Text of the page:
I’m not sure what my attitude did to exacerbate my physical condition, but when we went across the Douro River into Porto to meet with President, I was necessarily using a crutch to walk, and I felt totally justified in my decision to leave. President had other ideas. He bore his testimony to me of missionary work and of the Lord’s need for me to be there. He spoke authoritatively and powerfully about duty, service, and agency. He then said words to me that I received with defensive pride, “If you do not finish your mission, you will struggle to finish everything else in your life.” I heard challenge in those words - not loving guidance. I left, and went to see the specialist. A man who seemed to specialize in nothing more than drinking alcohol before noon poked at me a bit, took an x-ray, and sent me to the pharmacy to pick up pre-loaded syringes of morphine and muscle relaxants. I declined the drugs and with my companion returned to the city of Gaia and our little apartment. President had asked that I wait for the diagnosis from the specialist before making any big decisions. I waited for the diagnosis, but was already ready with my decision. I was going home – with, or without President’s recommendation to do so.

Josh (left), with his trainer (right) and two Elders from their District.

Josh (left), with his trainer (right) and two Elders from their District.

The traditions of the LDS mission are interesting aren’t they? The farewells, the homecomings, the sending-off parties, and the returning home celebrations. The early-returnee gains a new perspective of these traditions. I limped off the plane broken, and in more ways than just physically. There were no balloons or posters, no cheerful shouts of praise, no rolling out of the red carpet. Just a tearfully worried mother and father.

The story is long from here... This was nearly 18 years ago. Each year, a series of moments; and each moment, an opportunity. “Choose you this day whom you will serve” means more to me now than it once did. I realized the miracle and blessing of agency only after traveling through moments of darkness - moments chosen by me.

What did I feel when I walked off that plane? Or when I sat in the office of my Stake President and was told that there didn’t need to be an official release performed by him, that my release would not be recognized by the church as an honorable one, and that I would not stand before my home Ward family and be recognized for my willingness to serve? I felt lost, and I felt heavy. I felt forgotten, shunned, cast out… I was disappointed in myself, but at the same time, disappointed in the church. I was angry with myself and I was angry with my Father in Heaven.

It is interesting what the natural man will do to protect himself when a sense of self-sufficiency and self-security is lost. My natural man pointed the finger of blame everywhere it could think to do so, in a prideful attempt to save face. I blamed the bus that hit me. I blamed my companion who didn’t lead the way that I thought a trainer should. I blamed my Mission President for his lack of compassion and diplomacy in dealing with me after the accident. I blamed the Church and the Mission Department for their lack of willful financial and moral support following my return - a series of omitted acts I saw as a lack of Christ-like charity. I blamed my girlfriend who promised loving support, and chose to bail on me only days after leaving for the MTC. The list goes on… This chosen perspective created a defensive paradigm which crippled my ability to see clearly. Every word spoken to me was received into a mind prepared by false impressions of reality. I could not see past my neurotic ideas of what others were truly thinking and feeling about me. They hated me - I knew they had to… They judged me as unrighteous, unwilling, and weak. They looked at me as a failure. They, as well as my Heavenly Father. How could it be otherwise?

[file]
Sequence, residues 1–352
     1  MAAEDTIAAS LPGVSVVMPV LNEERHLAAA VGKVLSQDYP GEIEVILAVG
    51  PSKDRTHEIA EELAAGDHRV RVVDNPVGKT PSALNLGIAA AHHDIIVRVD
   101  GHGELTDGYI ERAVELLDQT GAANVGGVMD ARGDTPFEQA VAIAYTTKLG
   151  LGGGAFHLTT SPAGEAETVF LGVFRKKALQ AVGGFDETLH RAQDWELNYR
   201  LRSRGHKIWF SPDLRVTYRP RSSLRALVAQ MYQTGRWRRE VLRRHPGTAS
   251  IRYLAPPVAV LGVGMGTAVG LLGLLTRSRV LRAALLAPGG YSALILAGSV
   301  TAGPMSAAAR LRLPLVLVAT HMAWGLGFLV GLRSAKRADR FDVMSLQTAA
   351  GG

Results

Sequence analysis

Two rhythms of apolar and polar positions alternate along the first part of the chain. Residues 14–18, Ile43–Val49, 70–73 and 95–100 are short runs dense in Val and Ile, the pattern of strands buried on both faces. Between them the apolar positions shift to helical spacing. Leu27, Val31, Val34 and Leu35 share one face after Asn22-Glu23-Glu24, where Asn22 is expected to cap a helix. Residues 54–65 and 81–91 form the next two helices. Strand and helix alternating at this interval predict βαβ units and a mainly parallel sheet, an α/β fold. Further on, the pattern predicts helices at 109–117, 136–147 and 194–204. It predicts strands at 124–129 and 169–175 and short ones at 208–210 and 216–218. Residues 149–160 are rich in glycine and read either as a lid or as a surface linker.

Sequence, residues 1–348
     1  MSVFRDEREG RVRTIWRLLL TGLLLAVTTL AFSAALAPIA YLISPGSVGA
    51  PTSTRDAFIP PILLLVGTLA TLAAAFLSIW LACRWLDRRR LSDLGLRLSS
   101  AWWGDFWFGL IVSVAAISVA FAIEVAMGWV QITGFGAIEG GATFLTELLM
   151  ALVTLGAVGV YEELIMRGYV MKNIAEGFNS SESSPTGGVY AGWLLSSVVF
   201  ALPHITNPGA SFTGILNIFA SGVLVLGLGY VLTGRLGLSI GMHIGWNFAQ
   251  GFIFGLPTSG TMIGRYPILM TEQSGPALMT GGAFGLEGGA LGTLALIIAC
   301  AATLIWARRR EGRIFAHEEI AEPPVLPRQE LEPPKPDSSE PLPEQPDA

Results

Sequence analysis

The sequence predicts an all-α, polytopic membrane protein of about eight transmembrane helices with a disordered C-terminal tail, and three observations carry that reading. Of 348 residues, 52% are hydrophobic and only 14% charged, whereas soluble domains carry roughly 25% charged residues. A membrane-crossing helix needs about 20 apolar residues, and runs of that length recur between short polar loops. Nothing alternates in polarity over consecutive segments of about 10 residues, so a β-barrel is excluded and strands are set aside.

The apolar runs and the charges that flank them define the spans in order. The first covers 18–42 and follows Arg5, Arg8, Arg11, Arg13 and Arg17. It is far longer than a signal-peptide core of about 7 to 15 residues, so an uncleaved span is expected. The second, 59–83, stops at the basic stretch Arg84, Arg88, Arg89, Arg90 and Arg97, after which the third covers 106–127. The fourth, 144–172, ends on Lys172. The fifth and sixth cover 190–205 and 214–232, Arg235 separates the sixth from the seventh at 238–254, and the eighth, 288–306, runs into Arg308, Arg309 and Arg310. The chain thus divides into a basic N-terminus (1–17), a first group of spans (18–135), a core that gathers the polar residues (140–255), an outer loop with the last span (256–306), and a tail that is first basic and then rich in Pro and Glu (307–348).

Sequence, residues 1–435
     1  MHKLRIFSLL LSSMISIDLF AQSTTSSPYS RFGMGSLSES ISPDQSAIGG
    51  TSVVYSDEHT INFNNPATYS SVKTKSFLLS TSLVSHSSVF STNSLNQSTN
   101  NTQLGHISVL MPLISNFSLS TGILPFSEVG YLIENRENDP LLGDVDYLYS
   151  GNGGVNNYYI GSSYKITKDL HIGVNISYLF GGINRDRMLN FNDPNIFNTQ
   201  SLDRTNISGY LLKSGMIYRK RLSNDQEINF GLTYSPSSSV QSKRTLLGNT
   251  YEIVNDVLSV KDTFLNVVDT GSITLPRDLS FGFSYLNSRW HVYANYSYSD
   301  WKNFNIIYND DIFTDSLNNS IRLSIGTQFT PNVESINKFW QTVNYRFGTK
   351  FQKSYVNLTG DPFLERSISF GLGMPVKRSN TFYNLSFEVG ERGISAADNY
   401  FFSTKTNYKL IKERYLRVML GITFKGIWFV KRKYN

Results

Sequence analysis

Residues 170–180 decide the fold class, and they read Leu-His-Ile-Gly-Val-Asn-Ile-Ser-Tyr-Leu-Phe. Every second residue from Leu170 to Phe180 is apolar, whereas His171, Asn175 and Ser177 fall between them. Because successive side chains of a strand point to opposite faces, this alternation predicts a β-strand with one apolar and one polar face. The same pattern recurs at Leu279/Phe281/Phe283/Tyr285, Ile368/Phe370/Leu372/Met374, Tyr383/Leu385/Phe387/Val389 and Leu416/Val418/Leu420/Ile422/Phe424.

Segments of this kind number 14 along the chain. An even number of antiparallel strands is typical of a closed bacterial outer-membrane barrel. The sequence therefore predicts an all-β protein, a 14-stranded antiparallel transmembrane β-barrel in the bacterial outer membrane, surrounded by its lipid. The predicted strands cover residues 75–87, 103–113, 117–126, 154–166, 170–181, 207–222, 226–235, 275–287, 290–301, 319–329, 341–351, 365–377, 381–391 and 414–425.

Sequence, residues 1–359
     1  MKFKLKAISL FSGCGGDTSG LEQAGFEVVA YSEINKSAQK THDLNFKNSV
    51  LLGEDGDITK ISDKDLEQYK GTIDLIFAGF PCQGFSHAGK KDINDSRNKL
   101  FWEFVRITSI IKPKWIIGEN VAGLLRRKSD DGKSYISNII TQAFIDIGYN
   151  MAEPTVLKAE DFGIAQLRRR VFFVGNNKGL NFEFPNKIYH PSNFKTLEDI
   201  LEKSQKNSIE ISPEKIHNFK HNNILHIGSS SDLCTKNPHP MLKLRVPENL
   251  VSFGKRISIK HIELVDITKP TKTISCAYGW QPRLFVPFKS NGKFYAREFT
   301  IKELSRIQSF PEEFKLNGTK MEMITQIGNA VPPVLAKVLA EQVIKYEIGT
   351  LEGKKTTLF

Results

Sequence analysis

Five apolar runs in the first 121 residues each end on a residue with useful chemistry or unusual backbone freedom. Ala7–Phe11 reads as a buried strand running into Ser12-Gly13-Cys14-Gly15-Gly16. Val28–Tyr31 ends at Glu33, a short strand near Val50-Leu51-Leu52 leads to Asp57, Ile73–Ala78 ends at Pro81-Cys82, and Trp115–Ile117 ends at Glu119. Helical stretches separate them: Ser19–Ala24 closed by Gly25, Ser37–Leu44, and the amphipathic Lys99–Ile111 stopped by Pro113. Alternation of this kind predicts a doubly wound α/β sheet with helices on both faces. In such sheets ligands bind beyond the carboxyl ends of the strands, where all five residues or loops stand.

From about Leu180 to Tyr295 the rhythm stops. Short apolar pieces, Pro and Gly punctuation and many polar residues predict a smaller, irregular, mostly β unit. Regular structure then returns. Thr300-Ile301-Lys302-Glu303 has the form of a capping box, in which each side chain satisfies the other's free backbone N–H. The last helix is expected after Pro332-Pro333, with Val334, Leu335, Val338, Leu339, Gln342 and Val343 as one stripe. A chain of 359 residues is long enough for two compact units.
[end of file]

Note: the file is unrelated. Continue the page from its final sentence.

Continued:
These were my thoughts, and they commanded my actions. I removed myself from the Church and set myself apart from principles which once enlightened my mind, and influenced my direction. And so it was that the consequence for these decisions was justly placed. Of course, time and experience have tenderly shown me the deeper truth about the reality of this justice. That even through the decade of prescription drug and heroin abuse, loss of family, and the subsequent 39 month prison sentence which followed, I was never forsaken by my Heavenly Father. That even in the moment of unrighteous decision, the justice of God, through the Atonement of our Savior, was encircled about by mercy. And even though I had removed myself from the light which illuminates all darkness, and could not in the moment see his mercy being offered, it was always there. I realized this powerful truth nearly 8 years ago when, from the depths of my starved spirit and the cold floor of a prison cell, I cried in anguish for my Savior to free me from the unbearable pain, and forgive me for all that I had become. The relief was immediate. I knew in that moment that the Savior was always there, waiting for me to call out, to reach out; waiting for me to kneel.

Since that day, I have never forgotten that truth. Justice is supported so closely by mercy. The Savior waits for our call. He is mighty to save. There is no pain, no illness, no suffering that he does not intimately understand. Likewise, there is no joy, no comfort, no relief that He is not fully capable of providing. Today my family is reunited, my Priesthood restored, my mission ongoing. I serve as the Young Men’s President in my Ward and operate a growing business in which I am privileged to work with youth - sharing the reality of our Father’s great plan, and the potential we have as His sons and daughters. Today my life is renewed through Christ, my path infused with His magnificent light.

Mine is a story not unique in its challenges. However, as the days pass, and the world evolves, what follows the challenges of this too frequently told story is becoming far too unique. Too many of God’s children are getting lost in the darkness, unwilling, and at times unable, to call out, to reach out for our merciful Savior. It is my testimony and my mission in life to share the reality of His love, and to be an example of the absolute truth that He is ever near - that He will never forsake us.